Will I need any other investigations?
This will depend if the reason for you having developed a blood clot is clear. A number of patients who do not have a reason for the blood clot undergo further investigations. The purpose of these investigations are to make sure there has been no underlying or serious cause for the blood clot to have developed.
Further tests you may be asked to have include CT scans of your abdomen and pelvis, a mammogram in female patients and some further blood tests.
The team looking after you will explain if and why they think that you require further investigations.
What follow up will I need?
You may need to be followed up in the chest clinic to make sure that you have recovered from this blood clot and also to go through the results of any further investigations you may be having.
You may also be referred to a haematology or blood clinic to check if you have any underlying blood clotting problem that may have made you more likely to develop blood clots.
You may be asked to have a heart ultrasound, known as an echocardiogram, at certain points during your recovery to make sure that your heart is functioning normally and that the blood pressure flowing through your lungs has returned to normal.
How will I feel when I am recovering from my pulmonary embolism?
The most common symptoms are breathlessness and fatigue. These get better gradually but can take several weeks to months for you to return to normal. The best aid to recovery is to live as normal a life as possible and to exercise to gradually build up your fitness.
What can I do to help me get better from this?
The important thing is to make sure that you take your blood thinning medicine every day and not to forget to take this.
We encourage you to exercise as much as you are comfortable with to gradually build up your strength over time. Ideally you would avoid contact sports or activities which put you at risk of bleeding.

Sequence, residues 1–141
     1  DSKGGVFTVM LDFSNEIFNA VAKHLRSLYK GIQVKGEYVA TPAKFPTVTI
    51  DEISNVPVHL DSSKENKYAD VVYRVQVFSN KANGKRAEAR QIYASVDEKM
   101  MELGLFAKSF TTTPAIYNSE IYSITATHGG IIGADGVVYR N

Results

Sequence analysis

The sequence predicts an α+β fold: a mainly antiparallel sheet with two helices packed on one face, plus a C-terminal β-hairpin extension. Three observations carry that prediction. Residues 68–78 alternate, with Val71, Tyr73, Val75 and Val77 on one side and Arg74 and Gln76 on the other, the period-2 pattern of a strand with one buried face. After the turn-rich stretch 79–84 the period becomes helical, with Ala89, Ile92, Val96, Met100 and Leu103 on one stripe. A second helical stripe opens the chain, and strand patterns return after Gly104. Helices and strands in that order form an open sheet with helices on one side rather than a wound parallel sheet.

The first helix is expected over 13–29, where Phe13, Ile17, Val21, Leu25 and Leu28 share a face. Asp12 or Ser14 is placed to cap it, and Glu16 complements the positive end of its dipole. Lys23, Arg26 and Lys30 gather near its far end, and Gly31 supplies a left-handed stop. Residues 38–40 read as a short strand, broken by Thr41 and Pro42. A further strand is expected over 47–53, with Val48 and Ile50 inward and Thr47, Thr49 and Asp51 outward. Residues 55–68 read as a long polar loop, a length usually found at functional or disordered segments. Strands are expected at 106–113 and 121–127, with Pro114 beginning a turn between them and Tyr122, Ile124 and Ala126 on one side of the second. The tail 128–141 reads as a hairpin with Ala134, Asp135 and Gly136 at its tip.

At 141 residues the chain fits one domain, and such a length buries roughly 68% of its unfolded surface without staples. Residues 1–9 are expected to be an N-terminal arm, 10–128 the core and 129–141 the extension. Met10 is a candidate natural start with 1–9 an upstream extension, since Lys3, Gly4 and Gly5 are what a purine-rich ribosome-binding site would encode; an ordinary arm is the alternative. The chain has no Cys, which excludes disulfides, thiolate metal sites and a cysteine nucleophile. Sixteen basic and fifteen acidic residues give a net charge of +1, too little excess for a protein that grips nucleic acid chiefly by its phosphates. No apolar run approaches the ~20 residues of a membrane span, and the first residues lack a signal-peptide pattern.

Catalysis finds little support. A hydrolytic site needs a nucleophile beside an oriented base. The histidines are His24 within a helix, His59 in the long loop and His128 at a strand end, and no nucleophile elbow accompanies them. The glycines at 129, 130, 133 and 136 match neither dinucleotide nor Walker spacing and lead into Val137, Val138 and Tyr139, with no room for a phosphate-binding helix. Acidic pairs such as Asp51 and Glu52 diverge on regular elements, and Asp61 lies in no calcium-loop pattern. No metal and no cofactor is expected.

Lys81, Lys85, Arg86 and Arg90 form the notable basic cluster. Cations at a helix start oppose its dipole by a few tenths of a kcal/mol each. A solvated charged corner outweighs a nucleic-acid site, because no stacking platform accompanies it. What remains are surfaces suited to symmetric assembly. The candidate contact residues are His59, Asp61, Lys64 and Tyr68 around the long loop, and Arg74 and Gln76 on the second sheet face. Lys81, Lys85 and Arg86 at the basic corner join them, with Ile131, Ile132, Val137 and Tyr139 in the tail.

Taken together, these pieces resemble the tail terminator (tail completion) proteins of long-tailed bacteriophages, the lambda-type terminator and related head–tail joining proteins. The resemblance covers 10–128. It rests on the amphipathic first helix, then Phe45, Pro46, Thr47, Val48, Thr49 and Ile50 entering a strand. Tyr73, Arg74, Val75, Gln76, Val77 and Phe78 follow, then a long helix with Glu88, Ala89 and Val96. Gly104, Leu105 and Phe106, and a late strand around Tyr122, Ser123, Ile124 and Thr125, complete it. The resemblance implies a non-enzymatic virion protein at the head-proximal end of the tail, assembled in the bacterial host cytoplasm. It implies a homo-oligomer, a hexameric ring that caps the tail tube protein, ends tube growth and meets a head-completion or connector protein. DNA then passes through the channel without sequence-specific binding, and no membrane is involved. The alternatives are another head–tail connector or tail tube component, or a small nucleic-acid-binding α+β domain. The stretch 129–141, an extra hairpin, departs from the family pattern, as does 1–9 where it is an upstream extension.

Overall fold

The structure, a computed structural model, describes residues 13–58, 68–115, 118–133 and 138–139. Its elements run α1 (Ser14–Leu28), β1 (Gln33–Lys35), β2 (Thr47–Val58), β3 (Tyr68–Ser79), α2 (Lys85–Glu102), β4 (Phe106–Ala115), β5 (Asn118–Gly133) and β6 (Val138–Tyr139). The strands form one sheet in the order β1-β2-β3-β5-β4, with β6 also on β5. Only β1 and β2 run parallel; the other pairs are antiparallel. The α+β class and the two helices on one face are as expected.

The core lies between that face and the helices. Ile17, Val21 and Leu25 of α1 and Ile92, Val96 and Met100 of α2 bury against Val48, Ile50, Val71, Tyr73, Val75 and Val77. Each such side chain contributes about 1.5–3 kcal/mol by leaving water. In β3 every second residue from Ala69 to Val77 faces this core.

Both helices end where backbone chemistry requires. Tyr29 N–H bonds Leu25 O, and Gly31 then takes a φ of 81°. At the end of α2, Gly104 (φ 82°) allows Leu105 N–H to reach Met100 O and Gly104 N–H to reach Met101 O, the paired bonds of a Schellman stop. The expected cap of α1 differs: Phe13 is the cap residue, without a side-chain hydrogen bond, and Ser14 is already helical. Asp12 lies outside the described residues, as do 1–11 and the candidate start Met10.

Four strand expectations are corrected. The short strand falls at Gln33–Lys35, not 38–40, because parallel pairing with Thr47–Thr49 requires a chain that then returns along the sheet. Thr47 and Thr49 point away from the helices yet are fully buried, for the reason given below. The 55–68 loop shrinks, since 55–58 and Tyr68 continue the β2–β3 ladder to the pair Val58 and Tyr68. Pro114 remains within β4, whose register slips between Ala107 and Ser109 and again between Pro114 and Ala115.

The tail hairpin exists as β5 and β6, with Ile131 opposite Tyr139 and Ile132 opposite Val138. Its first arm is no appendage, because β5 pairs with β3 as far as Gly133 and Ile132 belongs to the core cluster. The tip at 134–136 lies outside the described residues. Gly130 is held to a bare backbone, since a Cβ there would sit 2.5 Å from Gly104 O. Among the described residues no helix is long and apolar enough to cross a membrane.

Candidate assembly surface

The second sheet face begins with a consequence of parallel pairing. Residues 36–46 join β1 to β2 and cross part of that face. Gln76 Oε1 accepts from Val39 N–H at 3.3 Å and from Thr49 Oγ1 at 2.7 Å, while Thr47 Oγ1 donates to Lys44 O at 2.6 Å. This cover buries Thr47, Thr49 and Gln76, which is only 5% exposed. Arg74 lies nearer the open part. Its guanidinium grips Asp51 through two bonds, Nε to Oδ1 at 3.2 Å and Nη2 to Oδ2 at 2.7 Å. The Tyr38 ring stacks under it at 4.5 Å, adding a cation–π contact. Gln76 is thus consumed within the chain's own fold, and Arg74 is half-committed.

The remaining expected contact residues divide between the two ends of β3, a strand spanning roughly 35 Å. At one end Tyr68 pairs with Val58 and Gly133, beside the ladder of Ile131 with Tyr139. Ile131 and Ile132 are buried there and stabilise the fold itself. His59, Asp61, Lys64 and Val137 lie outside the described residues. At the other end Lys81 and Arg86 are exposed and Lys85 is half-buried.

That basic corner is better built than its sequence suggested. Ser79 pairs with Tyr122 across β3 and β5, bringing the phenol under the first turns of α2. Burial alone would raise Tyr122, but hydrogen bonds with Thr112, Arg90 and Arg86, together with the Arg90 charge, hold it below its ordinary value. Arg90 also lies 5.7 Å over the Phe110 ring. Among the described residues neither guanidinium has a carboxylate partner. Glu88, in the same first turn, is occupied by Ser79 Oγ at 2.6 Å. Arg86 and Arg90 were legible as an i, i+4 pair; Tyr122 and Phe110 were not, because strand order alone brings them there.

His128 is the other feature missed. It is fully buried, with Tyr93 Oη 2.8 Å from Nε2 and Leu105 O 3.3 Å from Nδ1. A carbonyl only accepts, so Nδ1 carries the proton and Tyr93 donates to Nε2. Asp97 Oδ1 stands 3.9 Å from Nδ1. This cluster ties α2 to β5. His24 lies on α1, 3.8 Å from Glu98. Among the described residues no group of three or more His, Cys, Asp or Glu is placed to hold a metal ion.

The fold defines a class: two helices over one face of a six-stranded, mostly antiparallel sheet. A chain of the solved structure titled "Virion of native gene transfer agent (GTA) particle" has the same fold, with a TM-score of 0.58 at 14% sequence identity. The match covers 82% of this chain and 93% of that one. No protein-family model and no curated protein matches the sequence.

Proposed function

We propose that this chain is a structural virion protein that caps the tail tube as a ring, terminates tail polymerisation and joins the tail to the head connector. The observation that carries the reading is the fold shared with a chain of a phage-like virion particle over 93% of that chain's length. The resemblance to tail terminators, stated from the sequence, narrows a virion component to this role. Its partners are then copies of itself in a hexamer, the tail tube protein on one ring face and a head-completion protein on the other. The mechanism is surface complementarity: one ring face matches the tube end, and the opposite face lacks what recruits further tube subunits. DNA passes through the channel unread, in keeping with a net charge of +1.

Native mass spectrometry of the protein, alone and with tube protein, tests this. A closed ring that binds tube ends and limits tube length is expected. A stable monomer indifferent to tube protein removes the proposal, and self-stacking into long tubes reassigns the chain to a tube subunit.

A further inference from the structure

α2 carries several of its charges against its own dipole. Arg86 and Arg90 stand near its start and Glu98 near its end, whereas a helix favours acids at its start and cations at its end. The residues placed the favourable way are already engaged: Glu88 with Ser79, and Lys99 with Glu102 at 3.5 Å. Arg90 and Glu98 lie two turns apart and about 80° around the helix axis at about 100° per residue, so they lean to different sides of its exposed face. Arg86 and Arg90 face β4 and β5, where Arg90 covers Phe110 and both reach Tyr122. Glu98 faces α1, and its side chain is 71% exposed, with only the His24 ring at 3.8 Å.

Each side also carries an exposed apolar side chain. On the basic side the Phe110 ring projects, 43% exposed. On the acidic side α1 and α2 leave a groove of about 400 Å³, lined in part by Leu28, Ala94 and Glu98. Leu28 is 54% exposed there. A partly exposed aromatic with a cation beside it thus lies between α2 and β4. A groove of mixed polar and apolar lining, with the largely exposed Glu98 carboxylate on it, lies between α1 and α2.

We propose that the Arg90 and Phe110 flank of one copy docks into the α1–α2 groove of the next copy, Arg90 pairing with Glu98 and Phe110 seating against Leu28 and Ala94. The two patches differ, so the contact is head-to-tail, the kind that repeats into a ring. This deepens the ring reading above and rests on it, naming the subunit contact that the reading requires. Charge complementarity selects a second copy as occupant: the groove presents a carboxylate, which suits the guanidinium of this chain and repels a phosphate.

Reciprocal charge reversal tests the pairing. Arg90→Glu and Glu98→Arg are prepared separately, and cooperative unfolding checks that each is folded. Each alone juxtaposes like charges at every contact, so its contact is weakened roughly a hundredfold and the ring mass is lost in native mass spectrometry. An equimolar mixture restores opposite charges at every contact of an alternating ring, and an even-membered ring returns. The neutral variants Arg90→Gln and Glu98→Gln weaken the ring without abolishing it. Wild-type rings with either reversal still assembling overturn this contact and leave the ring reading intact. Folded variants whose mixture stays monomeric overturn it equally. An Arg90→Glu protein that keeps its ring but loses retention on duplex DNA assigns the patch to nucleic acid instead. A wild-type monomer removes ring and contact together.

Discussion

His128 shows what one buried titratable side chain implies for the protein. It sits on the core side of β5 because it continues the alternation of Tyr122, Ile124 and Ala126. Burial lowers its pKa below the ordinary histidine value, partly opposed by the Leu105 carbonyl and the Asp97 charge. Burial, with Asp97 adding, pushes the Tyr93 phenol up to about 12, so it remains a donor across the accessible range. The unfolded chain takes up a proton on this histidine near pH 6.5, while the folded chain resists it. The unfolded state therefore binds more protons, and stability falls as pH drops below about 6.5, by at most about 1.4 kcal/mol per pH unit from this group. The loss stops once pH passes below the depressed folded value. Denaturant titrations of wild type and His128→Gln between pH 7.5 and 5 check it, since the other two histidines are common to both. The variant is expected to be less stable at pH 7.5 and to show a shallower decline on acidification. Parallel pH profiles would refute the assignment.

If you smoke, we really want to encourage you to cut down or stop. Smoking slows down the recovery of your lungs from any illness.
Can I fly?
We ask you to wait at least 4 weeks after the blood clot has been treated before you consider flying to ensure that you are fully recovered. If there is any reason that you shouldn’t fly, then the team looking after you will explain this to you. We also ask you to make sure that you inform your health insurance company if you are flying as well as your flight carrier to make sure that they have no objections to this and to ensure that your insurance covers you adequately.
Where can I get more information on blood clots?
British Lung Foundation
University Hospital of North Tees
Telephone: 01642 624270
Department of Respiratory Medicine
Monday to Friday 09:00am-05:00pm
Telephone: 01642 624936
24 hours a day, 7 days a week
Telephone: 01642 382899
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Telephone: 01642 624719
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This leaflet has been produced in partnership with patients and carers. All patient leaflets are regularly reviewed, and any suggestions you have as to how it may be improved are extremely valuable. Please write to the Clinical Governance team, North Tees and Hartlepool NHS Foundation Trust, University Hospital of North Tees, TS19 8PE or:
Email: [email protected]
Leaflet Reference: PIL1218
Date for Review: 28/08/2023